The apparent inevitability of Adam and Eve’s decision makes their story even more compelling. If God did not want them to eat from the tree, then why did God put it there in the first place? And who dreamed up that talking snake? If it was all a test of the first couple’s obedience, then why didn’t God let them work up to it a little? You know, start off with something less significant, such as “Don’t call me after 9 p.m.” or “Remember to feed the goldfish”?
Adam and Eve were still trying to remember the names of things when they were presented with their first moral choice. Their skin had barely dried off yet. They made the wrong choice, but there is hardly a human being alive who does not understand why. Innocence is so fragile, so curious, so DUMB. Choosing God cannot be the same thing as staying innocent. If it is, then, there is no hope for any of us. (Barbara Brown Taylor, in Speaking of Sin: The Lost Language of Salvation, p. 46-47)
- What does this passage mean for you?
- What part of the responsibility in this tale’s IS God’s?
- What does the word “sin” mean to you?
- What do you think is the point of this story?
NEW TESTAMENT: Romans 5: 12-19
Most scholars agree that the Letter to the Romans was almost certainly written by Paul. In fact, many would call it his masterpiece. N.T. Wright makes the case that anyone who claims to understand Romans fully is, almost by definition, mistaken. He describes it as a “symphonic composition”. The overarching theme is essentially “God’s Righteousness”.
In the passage that we read, Paul compares Adam and Christ. Now this probably implies that Paul believed that there literally was an Adam and Eve, who had been given a commandment by God and broke it. He depicts Adam as a “type” of Christ; essentially that Adam (literally meaning, “human”) bore at least some of Christ’s characteristics. But, for Paul, the original Adam and this “new Adam” (this new humanity) were under two reigns—one that makes its subjects sinners and the other that makes its subjects righteous. This passage is filled with the news of grace, the undeserved gift of abundant life. The cross is not mentioned but there is still an allusion to the atonement and Christ’s salvific reign over humanity.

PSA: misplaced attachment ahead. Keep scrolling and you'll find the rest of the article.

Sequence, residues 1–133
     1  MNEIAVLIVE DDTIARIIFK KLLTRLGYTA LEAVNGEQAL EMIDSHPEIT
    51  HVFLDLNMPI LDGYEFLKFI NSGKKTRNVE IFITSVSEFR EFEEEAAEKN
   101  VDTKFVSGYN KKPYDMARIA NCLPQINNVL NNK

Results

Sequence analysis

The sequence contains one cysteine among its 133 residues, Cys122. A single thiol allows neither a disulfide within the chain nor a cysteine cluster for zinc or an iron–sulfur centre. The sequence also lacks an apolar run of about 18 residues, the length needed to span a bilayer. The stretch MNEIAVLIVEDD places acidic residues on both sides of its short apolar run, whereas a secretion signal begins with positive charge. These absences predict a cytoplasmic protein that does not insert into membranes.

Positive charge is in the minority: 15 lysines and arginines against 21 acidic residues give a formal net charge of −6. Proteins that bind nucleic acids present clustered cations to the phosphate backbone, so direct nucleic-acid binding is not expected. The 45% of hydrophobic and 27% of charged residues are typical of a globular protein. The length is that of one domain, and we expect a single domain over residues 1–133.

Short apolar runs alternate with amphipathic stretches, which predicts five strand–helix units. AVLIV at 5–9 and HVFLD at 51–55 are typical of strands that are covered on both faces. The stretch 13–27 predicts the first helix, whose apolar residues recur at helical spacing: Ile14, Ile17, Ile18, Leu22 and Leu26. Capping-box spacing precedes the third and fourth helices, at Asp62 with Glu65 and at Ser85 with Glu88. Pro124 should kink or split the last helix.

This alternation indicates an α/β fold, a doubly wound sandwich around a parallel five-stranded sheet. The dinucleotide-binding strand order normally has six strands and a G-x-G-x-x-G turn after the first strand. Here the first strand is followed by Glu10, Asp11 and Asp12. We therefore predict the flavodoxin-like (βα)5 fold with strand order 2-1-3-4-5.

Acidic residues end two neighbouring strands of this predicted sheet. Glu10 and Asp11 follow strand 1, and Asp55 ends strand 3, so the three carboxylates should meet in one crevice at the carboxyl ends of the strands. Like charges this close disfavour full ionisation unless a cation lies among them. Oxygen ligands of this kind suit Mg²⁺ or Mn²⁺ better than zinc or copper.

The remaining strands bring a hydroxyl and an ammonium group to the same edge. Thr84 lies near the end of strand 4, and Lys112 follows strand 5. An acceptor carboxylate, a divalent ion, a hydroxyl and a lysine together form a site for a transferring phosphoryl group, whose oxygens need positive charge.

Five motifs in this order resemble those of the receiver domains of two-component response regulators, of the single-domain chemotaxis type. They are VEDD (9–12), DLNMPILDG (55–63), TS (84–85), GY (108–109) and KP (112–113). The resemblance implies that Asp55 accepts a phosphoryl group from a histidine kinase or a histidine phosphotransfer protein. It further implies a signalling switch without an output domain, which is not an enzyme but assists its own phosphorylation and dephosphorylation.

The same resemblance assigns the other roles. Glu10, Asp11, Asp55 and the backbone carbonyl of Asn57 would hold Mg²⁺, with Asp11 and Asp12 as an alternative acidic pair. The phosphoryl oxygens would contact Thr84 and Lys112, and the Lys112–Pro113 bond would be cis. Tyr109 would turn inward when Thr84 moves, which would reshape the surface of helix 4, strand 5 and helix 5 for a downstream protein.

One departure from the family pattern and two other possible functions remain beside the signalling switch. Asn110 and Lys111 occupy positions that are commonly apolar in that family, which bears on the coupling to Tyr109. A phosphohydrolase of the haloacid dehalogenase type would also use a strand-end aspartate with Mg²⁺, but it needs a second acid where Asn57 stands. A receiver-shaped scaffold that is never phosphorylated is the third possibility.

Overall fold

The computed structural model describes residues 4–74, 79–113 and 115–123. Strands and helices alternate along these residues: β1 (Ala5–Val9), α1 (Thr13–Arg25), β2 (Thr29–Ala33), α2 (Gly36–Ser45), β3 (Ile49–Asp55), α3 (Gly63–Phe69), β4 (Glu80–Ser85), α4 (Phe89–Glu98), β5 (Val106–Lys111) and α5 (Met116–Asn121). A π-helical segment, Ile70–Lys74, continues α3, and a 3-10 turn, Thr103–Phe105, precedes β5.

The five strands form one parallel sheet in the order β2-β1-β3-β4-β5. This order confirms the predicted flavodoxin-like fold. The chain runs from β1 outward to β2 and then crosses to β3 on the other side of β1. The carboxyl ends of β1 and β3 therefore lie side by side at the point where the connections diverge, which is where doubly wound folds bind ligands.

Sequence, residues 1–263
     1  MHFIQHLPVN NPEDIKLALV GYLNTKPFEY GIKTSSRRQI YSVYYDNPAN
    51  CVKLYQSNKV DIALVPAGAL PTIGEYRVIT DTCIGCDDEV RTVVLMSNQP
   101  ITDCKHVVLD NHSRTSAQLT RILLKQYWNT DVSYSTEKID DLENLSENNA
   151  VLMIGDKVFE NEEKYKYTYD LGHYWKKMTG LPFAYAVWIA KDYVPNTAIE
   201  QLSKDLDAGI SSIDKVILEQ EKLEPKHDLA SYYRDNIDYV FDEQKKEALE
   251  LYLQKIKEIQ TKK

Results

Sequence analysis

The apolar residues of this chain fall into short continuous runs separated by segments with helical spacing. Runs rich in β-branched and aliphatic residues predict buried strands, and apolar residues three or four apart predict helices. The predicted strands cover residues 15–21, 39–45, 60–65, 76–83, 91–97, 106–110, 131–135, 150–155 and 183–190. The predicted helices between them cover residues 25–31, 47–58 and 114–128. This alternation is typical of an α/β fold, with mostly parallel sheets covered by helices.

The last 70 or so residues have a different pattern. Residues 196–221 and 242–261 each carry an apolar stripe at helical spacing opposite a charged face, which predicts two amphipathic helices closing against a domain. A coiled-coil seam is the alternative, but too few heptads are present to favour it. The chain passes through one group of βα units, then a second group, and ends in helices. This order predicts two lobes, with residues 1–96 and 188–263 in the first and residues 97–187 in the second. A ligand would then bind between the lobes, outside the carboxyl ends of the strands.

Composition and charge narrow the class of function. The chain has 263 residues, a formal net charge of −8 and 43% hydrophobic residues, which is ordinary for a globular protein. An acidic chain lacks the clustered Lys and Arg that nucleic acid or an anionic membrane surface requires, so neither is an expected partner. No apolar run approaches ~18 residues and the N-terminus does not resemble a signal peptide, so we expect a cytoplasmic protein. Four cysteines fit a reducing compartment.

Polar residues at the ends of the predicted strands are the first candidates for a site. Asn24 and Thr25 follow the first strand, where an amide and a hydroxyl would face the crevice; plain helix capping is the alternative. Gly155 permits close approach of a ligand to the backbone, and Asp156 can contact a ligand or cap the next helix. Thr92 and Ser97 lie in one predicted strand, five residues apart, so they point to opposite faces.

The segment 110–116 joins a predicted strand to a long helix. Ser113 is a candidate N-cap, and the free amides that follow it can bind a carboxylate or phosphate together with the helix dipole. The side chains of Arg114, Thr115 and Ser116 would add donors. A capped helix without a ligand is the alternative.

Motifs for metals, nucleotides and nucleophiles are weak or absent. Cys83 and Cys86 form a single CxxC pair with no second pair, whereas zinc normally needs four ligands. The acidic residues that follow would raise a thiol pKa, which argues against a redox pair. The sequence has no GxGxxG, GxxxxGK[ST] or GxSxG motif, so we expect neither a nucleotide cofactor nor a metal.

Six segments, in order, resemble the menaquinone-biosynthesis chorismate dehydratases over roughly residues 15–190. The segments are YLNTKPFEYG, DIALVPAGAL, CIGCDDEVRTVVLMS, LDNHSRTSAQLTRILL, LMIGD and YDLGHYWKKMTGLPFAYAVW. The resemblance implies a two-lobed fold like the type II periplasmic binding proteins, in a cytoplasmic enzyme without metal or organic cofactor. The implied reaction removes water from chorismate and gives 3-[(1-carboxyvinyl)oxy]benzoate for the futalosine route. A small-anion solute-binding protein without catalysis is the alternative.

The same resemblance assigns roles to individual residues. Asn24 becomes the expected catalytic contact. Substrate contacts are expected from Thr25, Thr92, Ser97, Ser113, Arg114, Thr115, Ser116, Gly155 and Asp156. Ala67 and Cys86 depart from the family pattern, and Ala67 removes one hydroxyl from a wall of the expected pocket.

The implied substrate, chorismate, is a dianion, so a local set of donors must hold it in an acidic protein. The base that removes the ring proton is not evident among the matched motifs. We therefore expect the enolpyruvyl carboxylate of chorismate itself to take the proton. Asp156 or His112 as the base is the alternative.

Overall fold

This passage dismisses the implication that we are “only human”. Christ was human, remember? Christ came not to show us how to be divine but to show us how to be human—a “new humanity” depicted by Jesus Christ. If the humanity of Christ was the way being human should look, then maybe our shortcomings do not make us “only human” but, rather “inhumane”, not really human at all, not really made in the image of God.
This whole journey is not about becoming God or even becoming divine. It is not about getting some reward or arriving at some far off place to which we are destined to go. This journey is about becoming human, fully human, the way of being human that Christ showed us. For when we become human, then we will be who God calls us to be and we will know God as God desires. Being human is knowing that God is God and that we are God’s creation, made in the very image of God to be a reflection of God. We are God’s creation that God loves more than life itself. (And God saw that it was good.)
- What does this passage mean for you?
- What does it say about sin for you?
- What do you think of this whole idea of the “new Adam” or the “new humanity”?
- What does being human mean to you?
GOSPEL: Matthew 4: 1-11
Jesus came from Galilee for the purpose of being baptized and now he is led by the Spirit to be tempted. It is all part of the divine plan, part of his obedience to God. He goes out to prepare himself for his ministry. The period of forty days and forty nights is reminiscent of Moses’ forty days and nights. You’ll note the tempter’s use of the word “if”. He wasn’t trying to raise doubts in Jesus’ mind. He was trying to get Jesus to prove who he was.